Adam’s Peak(Pic d'Adam) or Sri Pada Mountain is the fourth tallest mountain in Sri Lanka which is highly regarded as a place of religious importance by all Buddhists, Christians, Hindus and Muslims. It is located some 40km northeast from Ratnapura city among Central highlands of Sri Lanka and rises up to 7353 feet above sea-level. Since 2011 it is recognized as a world heritage site by UNESCO. Travelers who love hiking and sightseeing are effortless attracted to take on their challenges climbing this giant mountain.
Adam’s peak is surrounded by many forested small scale mountains, none of which exceeds the size of this cone shaped giant mountain. According to famous Sri Lankan history book Mahavamsa, the sacred foot print of Lord Buddha was placed on the top of this mountain in his third visit to Sri Lanka by the request of deity of Adam’s Peak, God Maha Suman Saman. Since then Sri Lankans and many foreigners have worshiped this sacred mountain for thousands of years. It is believed among locals that butterflies fly to this mountain to spend the last days of their life. In fact it is possible to see millions of butterflies flying up towards this wildlife sanctuary in some seasons in the year.
However the mountain is similarly regarded as a holy place by many other religions. Christian’s believe it as the place where Adam landed after getting exiled from Garden of Eden. Tamil Hindus believe it as the footprint of Lord Shiva. Muslims believe it as foot of Adam’s and Portuguese believed it as foot print of Saint Thomas, the early apostle of India.
There is a summit in the top of mountain which is about 74 feet in length and 25 in breadth. There is about 8 feet high boulder on this summit which houses the Sacred Foot Print. It is about 5 feet in length and 2.5 feet in breadth. But according to local folklore the real foot is printed on a blue sapphire underneath the huge boulder which was created by God Sakra for its safety.
Renowned traveler Marco Polo records his venture to sacred mountain that he came across to know while being in China. Also Ibn Batuta’s alias Abu Abdullah Mohammed (1304-1377) has recorded his journey to the sacred mountain that he achieved following trails of Kalu River starting from Kalutara.
The pilgrim season traditionally starts on full moon of December and lasts on full moon of April. This is the only season it is possible to climb this grate mountain along thousands of steps. Thick mist, heavy rains and extreme winds make other months impossible to climb. There are 6 known trails to reach Adam’s peak. But most popular routes among them are Hatton-Nallathanni or Ratnapura-Palabaddala routes. In ancient days mountain was only reached via Ratnapura. But with construction of highland roads in British colonial days now it is possible to reach through Hatton city on the Colombo-Kandy-Nuwara Eliya road. Often pilgrims prefer ascent from Hatton city side and descent from Ratnapura side.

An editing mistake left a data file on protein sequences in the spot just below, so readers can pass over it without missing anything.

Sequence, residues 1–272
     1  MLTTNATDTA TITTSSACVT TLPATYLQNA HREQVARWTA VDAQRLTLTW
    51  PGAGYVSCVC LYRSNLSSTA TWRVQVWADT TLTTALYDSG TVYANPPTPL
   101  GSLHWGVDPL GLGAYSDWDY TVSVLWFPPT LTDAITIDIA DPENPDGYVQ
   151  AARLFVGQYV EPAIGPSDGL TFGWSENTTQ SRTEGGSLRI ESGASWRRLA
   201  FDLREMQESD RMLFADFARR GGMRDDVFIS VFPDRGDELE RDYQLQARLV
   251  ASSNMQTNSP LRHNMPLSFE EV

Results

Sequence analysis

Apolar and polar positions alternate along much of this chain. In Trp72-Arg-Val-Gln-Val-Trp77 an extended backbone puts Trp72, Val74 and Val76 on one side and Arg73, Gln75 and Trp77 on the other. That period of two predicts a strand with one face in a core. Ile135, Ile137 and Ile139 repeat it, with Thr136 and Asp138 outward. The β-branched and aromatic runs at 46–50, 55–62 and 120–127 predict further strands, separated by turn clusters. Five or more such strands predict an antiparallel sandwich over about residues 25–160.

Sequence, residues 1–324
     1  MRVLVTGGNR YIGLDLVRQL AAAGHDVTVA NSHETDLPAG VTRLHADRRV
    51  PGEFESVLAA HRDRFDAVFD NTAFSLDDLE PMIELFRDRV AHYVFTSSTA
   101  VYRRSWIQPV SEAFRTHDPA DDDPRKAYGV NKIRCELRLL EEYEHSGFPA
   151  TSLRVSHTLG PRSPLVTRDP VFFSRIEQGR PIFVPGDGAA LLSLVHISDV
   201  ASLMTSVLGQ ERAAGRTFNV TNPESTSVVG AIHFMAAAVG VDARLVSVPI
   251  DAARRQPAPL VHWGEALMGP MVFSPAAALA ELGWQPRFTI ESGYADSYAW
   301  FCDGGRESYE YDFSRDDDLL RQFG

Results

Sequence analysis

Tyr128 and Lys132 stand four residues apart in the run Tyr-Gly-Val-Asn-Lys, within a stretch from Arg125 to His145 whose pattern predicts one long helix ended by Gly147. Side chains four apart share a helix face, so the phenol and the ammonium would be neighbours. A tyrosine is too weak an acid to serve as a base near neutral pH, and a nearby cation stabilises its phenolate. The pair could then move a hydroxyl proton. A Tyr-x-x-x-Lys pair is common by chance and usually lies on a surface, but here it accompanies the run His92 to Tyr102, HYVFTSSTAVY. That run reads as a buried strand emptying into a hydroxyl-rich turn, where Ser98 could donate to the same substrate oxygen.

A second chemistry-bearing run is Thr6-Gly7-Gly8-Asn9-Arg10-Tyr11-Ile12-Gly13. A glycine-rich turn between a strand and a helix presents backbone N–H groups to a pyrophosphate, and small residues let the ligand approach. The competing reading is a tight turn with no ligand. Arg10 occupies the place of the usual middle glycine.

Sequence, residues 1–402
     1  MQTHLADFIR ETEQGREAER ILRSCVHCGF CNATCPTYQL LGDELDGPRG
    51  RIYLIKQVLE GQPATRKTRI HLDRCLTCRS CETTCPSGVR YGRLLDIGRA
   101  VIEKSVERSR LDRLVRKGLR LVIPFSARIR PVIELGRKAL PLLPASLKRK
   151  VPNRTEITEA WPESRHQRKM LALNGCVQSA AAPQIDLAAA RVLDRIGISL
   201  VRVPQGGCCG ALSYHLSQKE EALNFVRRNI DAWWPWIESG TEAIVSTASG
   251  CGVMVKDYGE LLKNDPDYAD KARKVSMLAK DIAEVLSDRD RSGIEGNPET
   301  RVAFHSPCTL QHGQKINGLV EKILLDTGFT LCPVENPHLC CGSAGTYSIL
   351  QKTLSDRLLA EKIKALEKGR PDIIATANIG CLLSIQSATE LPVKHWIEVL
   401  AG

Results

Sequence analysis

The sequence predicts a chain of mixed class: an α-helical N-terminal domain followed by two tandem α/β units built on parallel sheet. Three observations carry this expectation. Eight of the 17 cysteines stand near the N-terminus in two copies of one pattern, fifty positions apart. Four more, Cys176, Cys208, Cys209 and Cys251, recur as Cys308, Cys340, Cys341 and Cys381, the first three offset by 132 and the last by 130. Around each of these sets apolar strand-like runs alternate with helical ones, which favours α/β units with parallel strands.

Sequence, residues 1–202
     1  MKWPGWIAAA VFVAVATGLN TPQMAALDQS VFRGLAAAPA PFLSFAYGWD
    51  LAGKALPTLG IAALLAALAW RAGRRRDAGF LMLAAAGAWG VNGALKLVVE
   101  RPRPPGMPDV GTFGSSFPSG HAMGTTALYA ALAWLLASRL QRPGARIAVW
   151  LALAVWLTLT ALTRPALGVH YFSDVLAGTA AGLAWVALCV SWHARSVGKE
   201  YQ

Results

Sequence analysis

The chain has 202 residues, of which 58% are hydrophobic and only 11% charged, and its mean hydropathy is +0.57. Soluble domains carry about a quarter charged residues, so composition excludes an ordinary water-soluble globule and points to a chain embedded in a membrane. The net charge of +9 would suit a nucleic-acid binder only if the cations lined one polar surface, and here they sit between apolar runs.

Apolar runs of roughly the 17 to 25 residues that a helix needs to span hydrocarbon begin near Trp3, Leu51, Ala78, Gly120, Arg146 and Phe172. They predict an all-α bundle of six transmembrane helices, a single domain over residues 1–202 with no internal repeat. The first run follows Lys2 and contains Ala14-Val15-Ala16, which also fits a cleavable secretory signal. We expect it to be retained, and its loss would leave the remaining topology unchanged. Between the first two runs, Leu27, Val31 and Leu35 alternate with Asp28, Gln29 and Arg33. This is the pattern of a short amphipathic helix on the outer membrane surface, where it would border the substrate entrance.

Most pilgrims prefer night ascent and they are lucky to feel the nerve popping experience of climbing thousands of steps in forest while looking up at the night sky rich in bright stars. Night climb is safe with electric lights ensuring safe routes during pilgrimage. There are plenty of rest spots with refreshments. Along the way there is a Peace pagoda built and maintained by Japanese monks. Most important moment that should not be missed is the sunrise. The sun casts a perfect shadow of the peak onto the misty clouds down towards the coast. As the sun goes high in to sky this shadow dips down and hides in the base of mountain. Climbers target to reach top on time to observe this unique view that amazed eyes of millions of pilgrims over centuries.
Distance from Colombo to Ratnapura is 94km (3 hours) and distance from Colombo to Hatton city is 121km (4.5 hours). From the bus stop to the summit the Hatton path is about 3 kilometers and climbing takes approximately 4 hours to reach the top.